Thursday, January 20, 2011

Foreigners take two out of three new British jobs as statistics reveal nearly 200,000 vacancies were filled by those born overseas

These figures will not be much of a surprise in Australia. As Australians sometimes say in their splendid slanguage: "A Pom wouldn't work in an iron lung". In other words, Britons are seen as characteristically work-shy

Just a third of all jobs created last year went to British-born workers, official figures indicate. They show that only 100,000 of the 297,000 workers who began new posts between July and September 2010 were native Britons. Of the rest, 90,000 were born in Poland and other Eastern European countries that joined the EU in 2004, and the remainder were born elsewhere in the world.

The summer figures from the Office for National Statistics are the latest available and are understood to be representative of the whole year.

The analysis, published in the ONS journal Economic and Labour Market Review, also showed that while a million jobs have become available in Britain over the past six years, there are now a third of a million fewer British-born people in work.

Since the beginning of 2004, the number of British-born people in jobs has gone down by 334,000, while nearly 1.3million foreign-born individuals have found work in the UK. Of these, 530,000 were from Eastern Europe and 770,000 from elsewhere in the world.

Sir Andrew Green, of the think-tank MigrationWatch, said: ‘These latest figures can only be described as spectacular. There are no fixed numbers of jobs in an economy but it is very hard to escape the conclusion that foreign-born workers are taking jobs that might be done by British workers.’


Asylum seeker who killed girl in hit and run 'should be deported', says immigration minister

The father of a girl left dying in the road after being mown down by a failed asylum seeker has been handed a major boost in his bid to have him deported. Aso Mohammed Ibrahim knocked down Amy Houston, 12, and fled the scene leaving her under the wheels of his car. He was arrested and served four months in prison but launched legal action to be allowed leave to remain in the UK.

Last year his fight against deportation was successful after he argued sending him home would breach his right to a 'private and family life' under the Human Rights Act as he had fathered two children here.

But Amy's father, Paul Houston, 41, has continued to campaign for Ibrahim to be deported claiming the Act had become nothing more than a charter for thieves, killers, terrorists and illegal immigrants. Now he has been handed fresh hope after his campaign was backed by immigration minister Damian Green. In a letter to Mr Houston, the immigration minister said: 'I agree that Mr Ibrahim should not be allowed to remain in the United Kingdom.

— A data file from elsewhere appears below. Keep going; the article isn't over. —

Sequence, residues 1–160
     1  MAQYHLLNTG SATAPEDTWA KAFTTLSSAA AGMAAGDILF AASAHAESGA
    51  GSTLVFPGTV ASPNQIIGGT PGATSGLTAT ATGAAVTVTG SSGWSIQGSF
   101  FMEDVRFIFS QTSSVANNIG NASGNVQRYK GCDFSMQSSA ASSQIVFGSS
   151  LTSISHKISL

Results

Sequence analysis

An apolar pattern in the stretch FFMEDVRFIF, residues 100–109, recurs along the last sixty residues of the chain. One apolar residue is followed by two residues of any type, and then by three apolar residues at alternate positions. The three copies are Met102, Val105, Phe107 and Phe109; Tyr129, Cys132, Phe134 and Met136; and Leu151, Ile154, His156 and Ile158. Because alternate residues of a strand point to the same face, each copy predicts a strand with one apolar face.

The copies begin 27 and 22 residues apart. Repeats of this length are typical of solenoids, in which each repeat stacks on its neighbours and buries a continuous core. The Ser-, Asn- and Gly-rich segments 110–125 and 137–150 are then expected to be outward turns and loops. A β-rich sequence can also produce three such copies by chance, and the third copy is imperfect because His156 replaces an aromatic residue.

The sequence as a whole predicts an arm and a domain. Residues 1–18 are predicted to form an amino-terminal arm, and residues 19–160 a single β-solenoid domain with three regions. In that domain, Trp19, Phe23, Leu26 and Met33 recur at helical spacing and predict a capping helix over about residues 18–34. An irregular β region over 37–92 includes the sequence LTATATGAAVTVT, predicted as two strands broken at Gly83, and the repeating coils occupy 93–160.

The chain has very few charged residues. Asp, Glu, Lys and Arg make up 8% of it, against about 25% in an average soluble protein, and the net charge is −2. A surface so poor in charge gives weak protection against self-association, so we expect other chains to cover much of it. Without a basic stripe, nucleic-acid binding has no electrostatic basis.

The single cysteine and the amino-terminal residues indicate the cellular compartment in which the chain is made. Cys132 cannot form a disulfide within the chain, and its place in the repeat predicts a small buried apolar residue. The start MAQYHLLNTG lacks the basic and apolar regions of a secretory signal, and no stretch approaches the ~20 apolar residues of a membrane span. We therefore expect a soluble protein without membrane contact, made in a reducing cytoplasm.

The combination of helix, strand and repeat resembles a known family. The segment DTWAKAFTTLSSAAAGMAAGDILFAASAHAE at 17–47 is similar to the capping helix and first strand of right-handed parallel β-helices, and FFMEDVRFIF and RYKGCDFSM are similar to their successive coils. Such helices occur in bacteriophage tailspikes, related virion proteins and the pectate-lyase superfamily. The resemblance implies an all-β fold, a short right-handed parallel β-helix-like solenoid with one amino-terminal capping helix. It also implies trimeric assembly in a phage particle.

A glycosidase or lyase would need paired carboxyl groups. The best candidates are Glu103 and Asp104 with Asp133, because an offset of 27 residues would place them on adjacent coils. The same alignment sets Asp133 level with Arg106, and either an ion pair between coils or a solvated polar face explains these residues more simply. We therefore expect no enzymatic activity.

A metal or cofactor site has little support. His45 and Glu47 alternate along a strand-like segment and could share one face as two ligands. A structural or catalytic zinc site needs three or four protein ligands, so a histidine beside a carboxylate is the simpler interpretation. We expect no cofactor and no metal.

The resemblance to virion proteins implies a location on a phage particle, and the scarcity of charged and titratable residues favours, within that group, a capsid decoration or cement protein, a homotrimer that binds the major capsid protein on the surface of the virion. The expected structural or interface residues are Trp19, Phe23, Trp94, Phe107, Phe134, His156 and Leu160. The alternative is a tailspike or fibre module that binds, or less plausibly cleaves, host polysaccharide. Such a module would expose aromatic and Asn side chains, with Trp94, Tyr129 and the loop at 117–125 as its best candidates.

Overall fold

'Mr Ibrahim was convicted of committing an offence that led to the tragic death of Amy Houston and it is my personal view that he should be removed.'

His support comes as it was announced the case was set to go before the High Court in London. The Home Office has granted UK Borders Agency bosses permission to take the case to the Court of Appeal in an attempt to overturn the Upper Immigration Tribunal's decision to allow Ibrahim to stay in Britain.

Ibrahim, 33, arrived in Britain hidden in the back of a lorry in January 2001. His application for asylum was refused and a subsequent appeal in November 2002 failed, but he was never sent home.

Amy was killed in 2003 after she was hit by a Rover driven by Ibrahim who then fled the scene leaving the girl crying in pain under the wheels. The Iraqi Kurd was jailed for just four months after admitting driving while disqualified and failing to stop after an accident.

Since his release from prison he has racked up a string of criminal convictions, including more driving offences, harassment and cautions for burglary and theft.

But Ibrahim embarked on a relationship with Christina Richardson and they had two children, Harry, four, and Zara, three. He was able to escape deportation from the UK by using the Human Rights Act to successfully argue he had a right to a family life.

The UK Border Agency launched a last-ditch appeal against that decision in an attempt to have him kicked out. But at a hearing in Manchester in November immigration judges, Deborah Taylor and Clive Lane, rejected the appeal. Now senior judge in the High Court will now review case documents to determine whether an appeal can be heard.

Mr Houston said: 'I'm hopeful we will be given an appeal and we will finally be able to argue that Mr Ibrahim should have been deported years ago.'


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